James Brooke became the first White Rajah of Sarawak in 1841 after inheriting £30,000 and investing it in the schooner ‘The Royalist’ and sailing for Borneo.
We are publishing a blog series that covers his adventures – taken from one of the books in our library called Rajah Brooke by Sir Spenser St John published in 1899.
Catch-up with earlier posts in the James Rajah Brooke series here.
James ‘Rajah’ Brooke – 1853 – The Commission
On our arrival at Sarawak we had news of the Commissioners being expected at Singapore, and H.M.’s. brig Lily arrived to convey Sir James Brooke and his followers to our Straits Settlements, but the Rajah had to go alone, as Grant, Brereton and myself were down with fever, the result of over-exposure to sun and rain and the cold watches of the night. Brereton did not recover, and in him the Rajah lost a most efficient and devoted officer.
No one now cares for the Commission sent to inquire into the position and conduct of Sir James Brooke, Rajah of Sarawak, and Commissioner and Consul-General in Borneo; but as its results were so disastrous I must devote a few pages to it.
As I have before mentioned and here I am obliged to repeat some observations I have previously made when Sir James Brooke found that his agent in England, Mr Wise, was trying to involve him in schemes which he considered doubtful, he endeavoured to check him, and used strong language about his projects, looking upon them as designs to defraud the public by false representations. Mr Wise accidentally came to know the energetic expressions used by his employer, and decided to have his revenge, but he held his hand until the right moment had arrived. He still continued to press Sir James to join his gigantic companies, but failed in his attempts. Other events occurred which excited him still more, such as the Rajah’s handing over to the British Government, instead of directly to himself, the grant of the coal seams in certain portions of the Sultan’s dominions which Sir James had received whilst Her Majesty’s Agent. At length, when his employer called upon him to produce his accounts, as a very large balance was due to him, Mr Wise began to denounce him publicly. The Farquhar expedition furnished him with the opportunity, and he now posed as a humanitarian, and furnished certain members of the press with garbled information. We may imagine how unscrupulous he was when Lord Clarendon stated, ‘It had been detected in the Foreign Office that Mr Wise’s “Papers printed for use in the Government Offices” could not be relied on, and that some were “simple forgeries.’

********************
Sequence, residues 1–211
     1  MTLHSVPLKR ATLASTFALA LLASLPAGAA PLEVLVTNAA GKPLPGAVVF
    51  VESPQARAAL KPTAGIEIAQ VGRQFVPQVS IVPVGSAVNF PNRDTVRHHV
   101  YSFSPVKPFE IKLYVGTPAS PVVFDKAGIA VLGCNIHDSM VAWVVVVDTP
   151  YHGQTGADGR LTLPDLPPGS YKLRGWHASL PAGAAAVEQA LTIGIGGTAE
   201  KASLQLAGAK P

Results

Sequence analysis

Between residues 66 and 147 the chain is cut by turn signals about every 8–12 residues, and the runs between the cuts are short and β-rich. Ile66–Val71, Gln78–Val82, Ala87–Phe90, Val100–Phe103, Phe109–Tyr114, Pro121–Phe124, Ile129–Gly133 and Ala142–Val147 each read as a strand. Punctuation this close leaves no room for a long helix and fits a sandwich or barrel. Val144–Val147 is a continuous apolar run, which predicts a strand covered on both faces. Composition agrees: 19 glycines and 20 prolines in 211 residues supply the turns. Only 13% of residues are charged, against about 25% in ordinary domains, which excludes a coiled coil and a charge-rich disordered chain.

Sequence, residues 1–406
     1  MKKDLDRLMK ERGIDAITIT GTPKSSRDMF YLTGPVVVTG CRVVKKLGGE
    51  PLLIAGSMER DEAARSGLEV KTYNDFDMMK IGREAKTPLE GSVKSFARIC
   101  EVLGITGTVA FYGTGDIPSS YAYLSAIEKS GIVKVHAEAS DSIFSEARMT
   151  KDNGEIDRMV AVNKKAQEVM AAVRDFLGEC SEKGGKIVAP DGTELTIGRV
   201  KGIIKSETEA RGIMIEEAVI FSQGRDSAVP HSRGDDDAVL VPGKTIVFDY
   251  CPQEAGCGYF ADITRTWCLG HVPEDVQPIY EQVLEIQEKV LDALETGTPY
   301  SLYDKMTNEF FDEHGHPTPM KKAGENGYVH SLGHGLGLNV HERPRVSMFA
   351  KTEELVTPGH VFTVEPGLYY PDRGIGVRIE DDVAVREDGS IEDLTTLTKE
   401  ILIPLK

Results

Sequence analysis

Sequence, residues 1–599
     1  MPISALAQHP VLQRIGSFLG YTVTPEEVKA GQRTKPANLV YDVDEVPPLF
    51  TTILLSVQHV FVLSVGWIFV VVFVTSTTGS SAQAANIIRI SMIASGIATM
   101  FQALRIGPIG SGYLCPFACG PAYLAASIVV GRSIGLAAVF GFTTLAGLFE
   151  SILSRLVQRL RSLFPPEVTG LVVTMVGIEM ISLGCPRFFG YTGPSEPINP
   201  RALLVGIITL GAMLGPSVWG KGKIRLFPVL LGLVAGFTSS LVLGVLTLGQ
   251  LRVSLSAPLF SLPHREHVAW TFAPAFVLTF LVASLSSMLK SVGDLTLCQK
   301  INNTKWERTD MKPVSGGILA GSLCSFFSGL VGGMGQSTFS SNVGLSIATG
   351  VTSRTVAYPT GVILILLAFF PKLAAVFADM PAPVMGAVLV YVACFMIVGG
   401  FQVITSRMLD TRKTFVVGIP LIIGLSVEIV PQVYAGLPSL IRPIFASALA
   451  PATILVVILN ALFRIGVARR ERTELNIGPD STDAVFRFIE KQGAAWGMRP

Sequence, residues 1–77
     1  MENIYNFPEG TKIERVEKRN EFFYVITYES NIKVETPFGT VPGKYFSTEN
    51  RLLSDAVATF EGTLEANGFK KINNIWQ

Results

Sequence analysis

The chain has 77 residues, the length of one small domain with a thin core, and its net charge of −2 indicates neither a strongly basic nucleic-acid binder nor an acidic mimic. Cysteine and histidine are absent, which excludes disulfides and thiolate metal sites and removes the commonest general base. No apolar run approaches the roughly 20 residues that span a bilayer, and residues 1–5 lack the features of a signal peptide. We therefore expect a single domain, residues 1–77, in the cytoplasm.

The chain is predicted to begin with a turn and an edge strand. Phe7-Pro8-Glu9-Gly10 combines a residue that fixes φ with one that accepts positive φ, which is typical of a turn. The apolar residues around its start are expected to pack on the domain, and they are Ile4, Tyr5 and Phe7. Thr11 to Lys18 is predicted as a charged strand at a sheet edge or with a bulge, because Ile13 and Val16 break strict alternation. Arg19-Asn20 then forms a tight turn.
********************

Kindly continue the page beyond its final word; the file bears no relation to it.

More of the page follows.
Mr Wise, however, managed, as I have said, to persuade Mr Joseph Hume to enter into his projects, who found an ally in Mr Cobden, and they both commenced a campaign in the House of Commons against the Rajah. This continued until the Coalition Ministry, under Lord Aberdeen, came into power in . To secure the Parliamentary support of the Free Trade party, Lord Aberdeen weakly consented to issue a Commission on the lines suggested by Mr Hume, Sir James’s vindictive adversary.
The Commission might have been issued with the concurrence of both parties, as Sir James was anxious for a full inquiry; but the Government, whilst informing Mr Hume of their intention to accede to his demand, thought it becoming- to keep Sir James ignorant of it, and he found it out by accident.
Forty-five years have passed since this event occurred, and yet I cannot write of it without a flush of indignation. Mr Gladstone made this observation: His (Sir James’s) language respecting Mr Hume and Mr Cobden, two men of the very highest integrity; is for the most part quite unjustifiable. Mr Hume’s integrity, by his own confession, was not above suspicion, and Mr Cobden may be judged by the following extract: ‘Sir James Brooke seized on a territory as large as Yorkshire, and then drove out the natives, and subsequently sent for our fleet and men to massacre them.’ The insolence and ignorance displayed in the latter statement, as I have elsewhere observed, are about equal.
Excerpt from Rajah Brooke, published in 1899 by Sir Spenser St John
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